Technical Briefs

A Closed-Form Solution for Minimizing the Cycle Time in Motion Programs With Constant Velocity Segments

[+] Author and Article Information
Forrest W. Flocker

e-mail: flocker_f@utpb.edu

Ramiro H. Bravo

e-mail: bravo_r@utpb.edu
Department of Engineering and Technology,
University of Texas of the Permian Basin,
4901 E. University, Odessa, TX 79762

Contributed by the Mechanisms and Robotics Committee of ASME for publication in the Journal of Mechanical Design. Manuscript received March 22, 2012; final manuscript received June 5, 2012; published online November 19, 2012. Assoc. Editor: Ashitava Ghosal.

J. Mech. Des 135(1), 014502 (Nov 19, 2012) (7 pages) Paper No: MD-12-1170; doi: 10.1115/1.4007930 History: Received March 22, 2012; Revised June 05, 2012

An important need for some dynamic systems is to design a periodic motion program that has a constant velocity segment for a specified time. A few examples of such systems are cam-follower systems used in continuous motion manufacturing, linear actuators, space-based scanners, and industrial robots. In this paper, the closed-form solution is given for a motion program that minimizes the cycle time subject to user-specified limits on positive and negative acceleration and jerk. The main benefit of minimizing cycle time is to maximize the throughput. Two motion programs that address the problem are presented and critically examined. For general applicability, the solution is presented in dimensionless form and an example is given to show its implementation to a typical problem. Conclusions regarding the profiles are drawn and given.

Copyright © 2013 by ASME
Topics: Cycles , Acceleration
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Fig. 4

General form of the optimal acceleration

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Fig. 3

Dimensionless form of the problem

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Fig. 2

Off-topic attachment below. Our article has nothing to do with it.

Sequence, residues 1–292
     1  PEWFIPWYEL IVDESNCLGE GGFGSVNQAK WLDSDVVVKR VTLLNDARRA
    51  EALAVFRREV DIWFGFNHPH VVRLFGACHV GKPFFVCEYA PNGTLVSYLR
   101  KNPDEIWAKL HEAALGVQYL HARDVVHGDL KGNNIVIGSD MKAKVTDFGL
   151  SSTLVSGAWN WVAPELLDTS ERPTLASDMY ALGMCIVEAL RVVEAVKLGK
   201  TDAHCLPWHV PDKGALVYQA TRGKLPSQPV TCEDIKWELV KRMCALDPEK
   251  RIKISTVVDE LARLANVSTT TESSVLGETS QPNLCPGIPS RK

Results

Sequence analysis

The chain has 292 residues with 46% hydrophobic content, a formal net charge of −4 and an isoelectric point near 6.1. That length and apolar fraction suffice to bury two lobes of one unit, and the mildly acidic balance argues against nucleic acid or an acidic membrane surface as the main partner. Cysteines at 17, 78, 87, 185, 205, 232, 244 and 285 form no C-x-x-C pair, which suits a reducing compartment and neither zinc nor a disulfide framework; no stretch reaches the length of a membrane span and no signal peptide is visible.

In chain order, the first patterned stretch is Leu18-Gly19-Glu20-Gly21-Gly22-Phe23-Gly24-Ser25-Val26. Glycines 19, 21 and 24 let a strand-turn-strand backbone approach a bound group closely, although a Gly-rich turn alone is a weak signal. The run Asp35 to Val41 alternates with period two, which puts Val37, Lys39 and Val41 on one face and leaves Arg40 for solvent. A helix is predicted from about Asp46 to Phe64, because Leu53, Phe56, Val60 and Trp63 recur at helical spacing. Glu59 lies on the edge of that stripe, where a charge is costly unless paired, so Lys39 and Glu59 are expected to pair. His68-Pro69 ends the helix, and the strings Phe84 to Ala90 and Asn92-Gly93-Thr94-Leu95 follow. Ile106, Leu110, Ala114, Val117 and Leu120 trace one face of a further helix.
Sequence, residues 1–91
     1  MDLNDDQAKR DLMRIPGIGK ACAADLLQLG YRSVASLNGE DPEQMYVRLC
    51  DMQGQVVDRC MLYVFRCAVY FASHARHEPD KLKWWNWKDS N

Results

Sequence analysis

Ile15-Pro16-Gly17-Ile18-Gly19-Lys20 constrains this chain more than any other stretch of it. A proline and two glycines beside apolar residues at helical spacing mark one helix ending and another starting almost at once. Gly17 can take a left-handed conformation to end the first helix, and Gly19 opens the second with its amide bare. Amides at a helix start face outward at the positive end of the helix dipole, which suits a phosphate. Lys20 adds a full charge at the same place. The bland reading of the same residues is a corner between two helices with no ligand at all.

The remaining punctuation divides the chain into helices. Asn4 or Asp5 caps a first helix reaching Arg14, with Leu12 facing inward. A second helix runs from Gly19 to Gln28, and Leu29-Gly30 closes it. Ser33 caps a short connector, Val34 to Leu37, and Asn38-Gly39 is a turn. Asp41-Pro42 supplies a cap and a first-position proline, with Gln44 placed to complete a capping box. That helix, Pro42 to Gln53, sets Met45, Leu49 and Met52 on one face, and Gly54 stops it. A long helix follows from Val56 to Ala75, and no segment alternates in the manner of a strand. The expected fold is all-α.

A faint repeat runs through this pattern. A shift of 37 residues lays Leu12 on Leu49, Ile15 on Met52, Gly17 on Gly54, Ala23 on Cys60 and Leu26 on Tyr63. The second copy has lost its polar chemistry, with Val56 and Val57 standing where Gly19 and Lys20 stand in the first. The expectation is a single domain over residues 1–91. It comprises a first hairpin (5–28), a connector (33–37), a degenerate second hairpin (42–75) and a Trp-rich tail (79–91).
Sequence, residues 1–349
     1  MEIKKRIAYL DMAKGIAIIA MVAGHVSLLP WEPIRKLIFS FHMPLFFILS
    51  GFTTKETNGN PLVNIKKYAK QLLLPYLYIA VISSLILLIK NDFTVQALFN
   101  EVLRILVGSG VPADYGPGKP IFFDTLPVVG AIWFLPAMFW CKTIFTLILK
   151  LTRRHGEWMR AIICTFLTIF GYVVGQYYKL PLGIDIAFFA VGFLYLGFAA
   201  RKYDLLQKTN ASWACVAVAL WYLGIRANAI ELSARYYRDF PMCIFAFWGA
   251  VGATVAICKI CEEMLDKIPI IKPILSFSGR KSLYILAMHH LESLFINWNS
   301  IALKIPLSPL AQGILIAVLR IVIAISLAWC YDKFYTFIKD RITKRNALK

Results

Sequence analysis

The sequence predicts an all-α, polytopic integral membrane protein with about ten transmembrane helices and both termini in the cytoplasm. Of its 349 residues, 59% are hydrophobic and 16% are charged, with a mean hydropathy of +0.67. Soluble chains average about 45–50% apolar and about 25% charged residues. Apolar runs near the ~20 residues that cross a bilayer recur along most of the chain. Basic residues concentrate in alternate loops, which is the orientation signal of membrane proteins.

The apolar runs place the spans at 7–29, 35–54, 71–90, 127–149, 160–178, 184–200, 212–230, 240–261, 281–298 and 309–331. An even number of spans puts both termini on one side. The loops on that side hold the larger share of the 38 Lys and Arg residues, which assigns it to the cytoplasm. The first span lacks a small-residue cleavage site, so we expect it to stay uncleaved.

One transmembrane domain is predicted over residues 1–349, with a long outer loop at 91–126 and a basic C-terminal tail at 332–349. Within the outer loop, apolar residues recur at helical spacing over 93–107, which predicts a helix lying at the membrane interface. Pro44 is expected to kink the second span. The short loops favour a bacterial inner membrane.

Illustration of the problem to be solved

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Fig. 1

A typical machine with periodic output motion

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Fig. 5

Follower kinematics for illustrative problem with trapezoidal acceleration: (a) follower position, (b) follower velocity, (c) follower acceleration, and (d) follower jerk

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Fig. 6

Cycle time as a function of jerk

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Fig. 7

Effect of jerk on kinematics: (a) follower position, (b) follower velocity, and (c) follower acceleration

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Fig. 8

Splined trapezoidal acceleration

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Fig. 9

Follower kinematics for illustrative problem with splined trapezoidal acceleration: (a) follower acceleration and (b) follower jerk

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Fig. 10

Spectral energy for the two acceleration functions used in the illustrative problem

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Fig. 11

Strength ratio of harmonic components—optimal to smoothed profiles

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Fig. 12

Spectral energy for trapezoidal acceleration at three jerk levels

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Fig. 13

Strength ratio of harmonic components—large to minimum jerk profiles




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